For non-surgical management of the disease, Prof Malecaze noted that a recent consensus report from leading keratoconus experts stressed one of the most important measures as giving verbal guidance to the patient regarding the importance of avoiding eye rubbing.

“The experts also agreed that in cases of allergy or if there is any allergic component that patients should be treated with topical anti-allergic medication and lubricants,” he said.

For patients intolerant of rigid contact lenses, Prof Malecaze said the new generation of hybrid and scleral lenses may provide a viable alternative.

In terms of surgical interventions, corneal collagen crosslinking (CXL) has proven its efficacy and safety over time for progressive keratoconus, while corneal rings have also been used effectively, often in tandem with CXL, to stabilise keratoconic corneas.

For patients with stable or non-progressive keratoconus, treatment will depend on the status of the cornea, said Prof Malecaze.

“If there are no opacities, we can propose glasses, then rigid lenses. If optical correction is inefficient we can use rings to correct astigmatism or phakic toric implantation to treat astigmatism or high myopia. If there is opacity and other strategies have failed, we can propose a corneal graft, usually with deep anterior lamellar keratoplasty as the preferred option,” he said.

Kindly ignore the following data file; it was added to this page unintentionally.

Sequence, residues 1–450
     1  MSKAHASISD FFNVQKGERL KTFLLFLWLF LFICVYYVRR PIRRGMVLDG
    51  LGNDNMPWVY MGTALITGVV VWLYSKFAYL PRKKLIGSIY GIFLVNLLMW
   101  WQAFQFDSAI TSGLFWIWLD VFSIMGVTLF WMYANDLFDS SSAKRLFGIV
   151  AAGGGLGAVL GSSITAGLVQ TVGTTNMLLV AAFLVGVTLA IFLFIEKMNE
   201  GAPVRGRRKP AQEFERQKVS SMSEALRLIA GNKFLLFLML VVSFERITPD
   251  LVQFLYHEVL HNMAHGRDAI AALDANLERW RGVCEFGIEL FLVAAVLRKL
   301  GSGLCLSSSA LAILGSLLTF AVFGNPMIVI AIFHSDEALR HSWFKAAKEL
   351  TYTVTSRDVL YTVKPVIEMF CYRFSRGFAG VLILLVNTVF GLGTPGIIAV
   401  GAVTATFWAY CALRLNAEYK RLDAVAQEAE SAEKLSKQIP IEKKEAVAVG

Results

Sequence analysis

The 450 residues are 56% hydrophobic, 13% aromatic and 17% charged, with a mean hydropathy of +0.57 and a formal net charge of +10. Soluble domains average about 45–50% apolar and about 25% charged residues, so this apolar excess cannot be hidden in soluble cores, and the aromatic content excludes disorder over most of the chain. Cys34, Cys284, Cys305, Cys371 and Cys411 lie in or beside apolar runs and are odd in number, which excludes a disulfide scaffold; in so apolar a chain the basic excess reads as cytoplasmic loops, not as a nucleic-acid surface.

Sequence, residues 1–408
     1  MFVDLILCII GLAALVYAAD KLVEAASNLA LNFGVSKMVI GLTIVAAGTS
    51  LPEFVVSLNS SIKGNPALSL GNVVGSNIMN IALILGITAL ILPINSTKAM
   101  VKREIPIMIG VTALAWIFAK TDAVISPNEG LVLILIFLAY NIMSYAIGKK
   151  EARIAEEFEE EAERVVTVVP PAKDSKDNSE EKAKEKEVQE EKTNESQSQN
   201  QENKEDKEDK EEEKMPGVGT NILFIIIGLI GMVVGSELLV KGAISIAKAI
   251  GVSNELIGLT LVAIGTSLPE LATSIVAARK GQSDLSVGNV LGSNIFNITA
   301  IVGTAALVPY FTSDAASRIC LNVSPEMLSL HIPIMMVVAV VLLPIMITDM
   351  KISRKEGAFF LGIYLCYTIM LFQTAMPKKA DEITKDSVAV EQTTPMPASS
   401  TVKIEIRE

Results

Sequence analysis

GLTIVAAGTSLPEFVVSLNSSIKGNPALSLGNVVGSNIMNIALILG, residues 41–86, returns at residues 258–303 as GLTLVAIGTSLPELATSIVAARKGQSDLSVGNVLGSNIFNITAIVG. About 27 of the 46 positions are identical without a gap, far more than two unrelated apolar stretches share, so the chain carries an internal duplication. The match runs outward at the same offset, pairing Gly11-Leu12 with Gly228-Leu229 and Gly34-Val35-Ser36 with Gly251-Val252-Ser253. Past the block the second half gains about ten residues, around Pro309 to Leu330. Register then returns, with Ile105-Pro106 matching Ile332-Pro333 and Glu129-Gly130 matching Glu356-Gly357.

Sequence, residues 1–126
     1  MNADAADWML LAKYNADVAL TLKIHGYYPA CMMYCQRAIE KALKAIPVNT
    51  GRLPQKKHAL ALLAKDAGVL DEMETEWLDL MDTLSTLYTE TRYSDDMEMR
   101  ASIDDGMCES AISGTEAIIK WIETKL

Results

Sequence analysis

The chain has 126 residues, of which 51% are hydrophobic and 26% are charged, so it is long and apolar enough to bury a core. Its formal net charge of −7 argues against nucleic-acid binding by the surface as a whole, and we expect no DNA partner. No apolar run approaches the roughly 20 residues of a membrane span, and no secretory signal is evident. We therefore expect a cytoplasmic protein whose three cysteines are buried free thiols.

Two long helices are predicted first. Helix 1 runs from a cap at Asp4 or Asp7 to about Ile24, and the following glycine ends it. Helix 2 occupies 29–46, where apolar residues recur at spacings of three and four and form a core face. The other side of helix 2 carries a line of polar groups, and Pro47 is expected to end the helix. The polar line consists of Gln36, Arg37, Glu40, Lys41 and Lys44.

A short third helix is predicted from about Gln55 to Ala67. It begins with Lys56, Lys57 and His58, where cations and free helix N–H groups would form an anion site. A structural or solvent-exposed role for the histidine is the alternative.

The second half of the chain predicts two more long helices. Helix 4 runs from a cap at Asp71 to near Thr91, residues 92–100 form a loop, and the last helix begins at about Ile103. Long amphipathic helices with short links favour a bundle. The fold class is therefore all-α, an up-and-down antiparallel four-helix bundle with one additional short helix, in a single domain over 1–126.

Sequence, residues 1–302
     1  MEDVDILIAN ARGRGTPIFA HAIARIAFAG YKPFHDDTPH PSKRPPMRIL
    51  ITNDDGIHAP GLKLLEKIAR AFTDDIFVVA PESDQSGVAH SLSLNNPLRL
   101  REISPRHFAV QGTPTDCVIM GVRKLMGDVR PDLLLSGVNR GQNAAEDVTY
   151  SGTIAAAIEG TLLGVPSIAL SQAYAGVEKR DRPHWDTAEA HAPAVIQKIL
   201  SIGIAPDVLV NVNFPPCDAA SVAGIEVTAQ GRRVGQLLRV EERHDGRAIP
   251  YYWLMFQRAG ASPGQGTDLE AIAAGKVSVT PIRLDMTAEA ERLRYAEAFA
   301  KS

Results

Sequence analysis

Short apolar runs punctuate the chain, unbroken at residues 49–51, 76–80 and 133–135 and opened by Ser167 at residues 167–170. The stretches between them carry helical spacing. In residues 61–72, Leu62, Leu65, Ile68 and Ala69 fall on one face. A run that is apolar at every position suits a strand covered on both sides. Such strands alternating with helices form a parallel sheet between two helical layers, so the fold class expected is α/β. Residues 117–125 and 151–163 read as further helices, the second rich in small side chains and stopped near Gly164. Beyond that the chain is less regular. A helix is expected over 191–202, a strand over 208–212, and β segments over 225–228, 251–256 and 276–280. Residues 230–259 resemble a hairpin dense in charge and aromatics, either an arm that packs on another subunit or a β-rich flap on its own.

EuCornea Medal Lecture charts ongoing progress and latest challenges in keratoconus research

 

While keratoconus remains a mysterious disease with a complex pathophysiology, significant progress has been made in recent years in the diagnosis and management of the condition, François Malecaze said in the keynote EuCornea Medal Lecture at the opening ceremony of the 8th EuCornea Congress.

“We still have much to learn about how this disease develops, but the good news is that the technological advances of recent years have transformed the decision tree of keratoconus patients and given us more options for effective treatment,” he said.

In a wide-ranging lecture entitled “Keratoconus: what we have accomplished and what is still left to do”, Prof Malecaze said that his first encounter with the disease came when he was still a medical student.

“I heard this lecture on keratoconus and I had the impression of taking a grim stroll among a host of frightening animals, because keratoconus was a very serious disease for which the only treatment was a corneal graft, which was a very risky treatment at the time,” he said.

Several causes have been proposed in keratoconus pathophysiology, including genetics, collagen-related issues, inflammation, oxidative stress and reduced keratocyte proliferation, said Prof Malecaze.